Leena also goes on to talk about how people says things like '“global warming just isn’t my thing,” and how choosing to not engage in global warming isn’t really possible. She talks about how people see it as a trend or an issue that some people decide to take on and others not, but with something so impending you can’t really pick and choose. Climate change isn’t a trendy bandwagon you can jump on. It’s a necessary movement that should globally mobilise those affected and those who can make a profound impact. I love the way she tackles these issues and with such light fun humour that makes you really want to stay, watch and listen.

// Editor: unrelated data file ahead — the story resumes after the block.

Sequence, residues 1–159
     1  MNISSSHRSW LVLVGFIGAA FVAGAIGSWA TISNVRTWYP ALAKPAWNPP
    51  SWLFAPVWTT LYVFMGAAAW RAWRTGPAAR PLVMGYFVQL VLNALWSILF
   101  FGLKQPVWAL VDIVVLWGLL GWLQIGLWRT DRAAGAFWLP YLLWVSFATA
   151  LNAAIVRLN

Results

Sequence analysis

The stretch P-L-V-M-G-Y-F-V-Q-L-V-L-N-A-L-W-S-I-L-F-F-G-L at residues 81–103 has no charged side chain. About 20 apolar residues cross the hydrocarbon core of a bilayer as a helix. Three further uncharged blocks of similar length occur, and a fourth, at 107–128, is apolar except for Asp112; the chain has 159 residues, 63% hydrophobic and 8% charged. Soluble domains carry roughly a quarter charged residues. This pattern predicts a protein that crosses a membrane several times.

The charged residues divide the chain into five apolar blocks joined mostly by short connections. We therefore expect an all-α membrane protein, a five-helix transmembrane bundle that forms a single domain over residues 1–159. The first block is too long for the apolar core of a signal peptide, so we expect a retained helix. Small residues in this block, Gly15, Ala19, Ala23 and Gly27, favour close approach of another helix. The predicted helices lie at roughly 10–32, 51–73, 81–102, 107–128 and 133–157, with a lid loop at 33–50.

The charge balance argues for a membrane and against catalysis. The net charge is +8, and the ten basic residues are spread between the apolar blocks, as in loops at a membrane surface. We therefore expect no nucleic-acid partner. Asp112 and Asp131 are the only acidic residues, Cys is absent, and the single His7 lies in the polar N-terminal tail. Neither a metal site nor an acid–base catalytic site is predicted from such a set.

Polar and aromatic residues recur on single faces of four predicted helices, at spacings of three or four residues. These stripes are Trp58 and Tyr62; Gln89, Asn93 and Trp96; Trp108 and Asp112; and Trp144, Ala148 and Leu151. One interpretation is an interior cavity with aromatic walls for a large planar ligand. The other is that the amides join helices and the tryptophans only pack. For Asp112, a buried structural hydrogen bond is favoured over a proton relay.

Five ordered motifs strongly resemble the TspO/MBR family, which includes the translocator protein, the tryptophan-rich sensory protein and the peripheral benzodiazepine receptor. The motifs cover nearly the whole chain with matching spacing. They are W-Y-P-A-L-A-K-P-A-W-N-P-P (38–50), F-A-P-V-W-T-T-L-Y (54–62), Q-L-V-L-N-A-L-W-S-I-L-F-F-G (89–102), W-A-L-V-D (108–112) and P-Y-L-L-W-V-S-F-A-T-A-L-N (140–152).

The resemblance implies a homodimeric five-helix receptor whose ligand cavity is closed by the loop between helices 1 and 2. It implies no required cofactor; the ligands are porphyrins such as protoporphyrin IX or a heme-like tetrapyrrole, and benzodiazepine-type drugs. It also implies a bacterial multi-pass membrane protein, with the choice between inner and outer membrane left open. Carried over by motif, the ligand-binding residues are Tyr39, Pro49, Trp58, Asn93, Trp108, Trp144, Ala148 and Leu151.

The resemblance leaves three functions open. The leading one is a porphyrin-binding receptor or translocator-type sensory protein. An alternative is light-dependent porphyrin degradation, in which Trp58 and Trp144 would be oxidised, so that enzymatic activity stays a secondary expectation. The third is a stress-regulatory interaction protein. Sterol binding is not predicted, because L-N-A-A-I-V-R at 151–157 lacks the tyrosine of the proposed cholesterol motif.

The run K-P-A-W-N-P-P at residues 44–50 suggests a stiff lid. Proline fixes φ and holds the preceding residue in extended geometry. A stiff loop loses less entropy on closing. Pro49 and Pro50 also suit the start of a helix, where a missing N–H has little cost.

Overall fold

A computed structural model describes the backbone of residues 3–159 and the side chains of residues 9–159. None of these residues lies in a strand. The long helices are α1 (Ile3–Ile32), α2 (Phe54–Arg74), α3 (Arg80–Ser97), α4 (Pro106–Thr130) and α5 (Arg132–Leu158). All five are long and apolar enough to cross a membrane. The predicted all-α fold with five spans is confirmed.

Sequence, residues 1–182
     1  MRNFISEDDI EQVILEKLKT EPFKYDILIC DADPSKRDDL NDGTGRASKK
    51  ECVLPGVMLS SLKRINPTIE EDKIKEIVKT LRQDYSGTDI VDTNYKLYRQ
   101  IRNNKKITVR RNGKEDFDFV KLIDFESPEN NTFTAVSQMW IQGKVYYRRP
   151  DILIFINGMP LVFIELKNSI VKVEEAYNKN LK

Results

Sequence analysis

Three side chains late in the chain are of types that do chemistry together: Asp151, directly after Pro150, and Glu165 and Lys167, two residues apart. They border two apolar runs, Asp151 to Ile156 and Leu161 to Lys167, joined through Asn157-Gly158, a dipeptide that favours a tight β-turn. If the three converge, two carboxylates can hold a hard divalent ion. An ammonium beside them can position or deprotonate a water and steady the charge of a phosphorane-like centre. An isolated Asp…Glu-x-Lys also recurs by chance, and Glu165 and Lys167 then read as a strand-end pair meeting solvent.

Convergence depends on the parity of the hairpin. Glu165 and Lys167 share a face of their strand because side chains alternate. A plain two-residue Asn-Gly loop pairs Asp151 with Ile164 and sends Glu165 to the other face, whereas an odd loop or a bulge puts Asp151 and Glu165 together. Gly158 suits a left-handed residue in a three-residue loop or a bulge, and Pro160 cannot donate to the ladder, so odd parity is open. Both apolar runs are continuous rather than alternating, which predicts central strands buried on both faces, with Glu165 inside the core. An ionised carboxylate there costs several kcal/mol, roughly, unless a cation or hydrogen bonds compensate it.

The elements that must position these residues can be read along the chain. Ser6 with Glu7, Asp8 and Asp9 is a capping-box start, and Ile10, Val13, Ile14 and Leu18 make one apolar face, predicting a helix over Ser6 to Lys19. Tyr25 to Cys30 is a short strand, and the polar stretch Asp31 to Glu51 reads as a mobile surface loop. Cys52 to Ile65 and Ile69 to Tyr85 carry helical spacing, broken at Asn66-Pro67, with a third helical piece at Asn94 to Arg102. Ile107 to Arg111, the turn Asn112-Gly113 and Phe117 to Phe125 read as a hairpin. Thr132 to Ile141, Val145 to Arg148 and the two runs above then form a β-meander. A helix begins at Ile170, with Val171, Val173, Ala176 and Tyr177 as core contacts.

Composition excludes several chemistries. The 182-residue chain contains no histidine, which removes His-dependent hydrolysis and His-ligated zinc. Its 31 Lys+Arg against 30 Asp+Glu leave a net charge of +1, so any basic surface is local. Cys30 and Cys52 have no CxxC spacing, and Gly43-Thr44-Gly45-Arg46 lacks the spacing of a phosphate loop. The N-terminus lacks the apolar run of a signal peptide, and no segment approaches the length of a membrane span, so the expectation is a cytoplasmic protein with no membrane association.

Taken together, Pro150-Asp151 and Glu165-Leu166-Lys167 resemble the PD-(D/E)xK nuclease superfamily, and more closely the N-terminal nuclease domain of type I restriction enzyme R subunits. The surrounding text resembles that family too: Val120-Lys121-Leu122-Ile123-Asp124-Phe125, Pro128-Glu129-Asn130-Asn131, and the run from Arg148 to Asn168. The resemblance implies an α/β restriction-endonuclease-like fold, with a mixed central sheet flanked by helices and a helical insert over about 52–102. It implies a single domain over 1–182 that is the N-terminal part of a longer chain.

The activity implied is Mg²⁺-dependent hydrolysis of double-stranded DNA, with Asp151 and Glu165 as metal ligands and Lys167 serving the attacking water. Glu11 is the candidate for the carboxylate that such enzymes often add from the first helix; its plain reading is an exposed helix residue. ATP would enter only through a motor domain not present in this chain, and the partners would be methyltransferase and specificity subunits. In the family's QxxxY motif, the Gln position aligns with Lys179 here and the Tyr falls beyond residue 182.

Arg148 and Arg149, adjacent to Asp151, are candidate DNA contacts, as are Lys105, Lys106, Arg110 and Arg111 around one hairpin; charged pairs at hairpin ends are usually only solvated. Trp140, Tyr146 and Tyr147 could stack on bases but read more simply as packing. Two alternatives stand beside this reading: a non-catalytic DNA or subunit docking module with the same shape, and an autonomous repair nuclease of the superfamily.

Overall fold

Please go and watch her video and support her because the information and the visuals are so well put together. We need more activists like Leena who push us to think about our own impact, and what we believe and whether we’re kidding ourselves or not. From this I want you to think about yourself and what you believe. How you’re making an impact, who can make the biggest impact and our individual roles in that effort. I have realised that I need to be more political, more provocative and really push those companies producing 71% of global emissions to stop and change.
Otherwise we’re all fucked to be honest.
In progress of updating…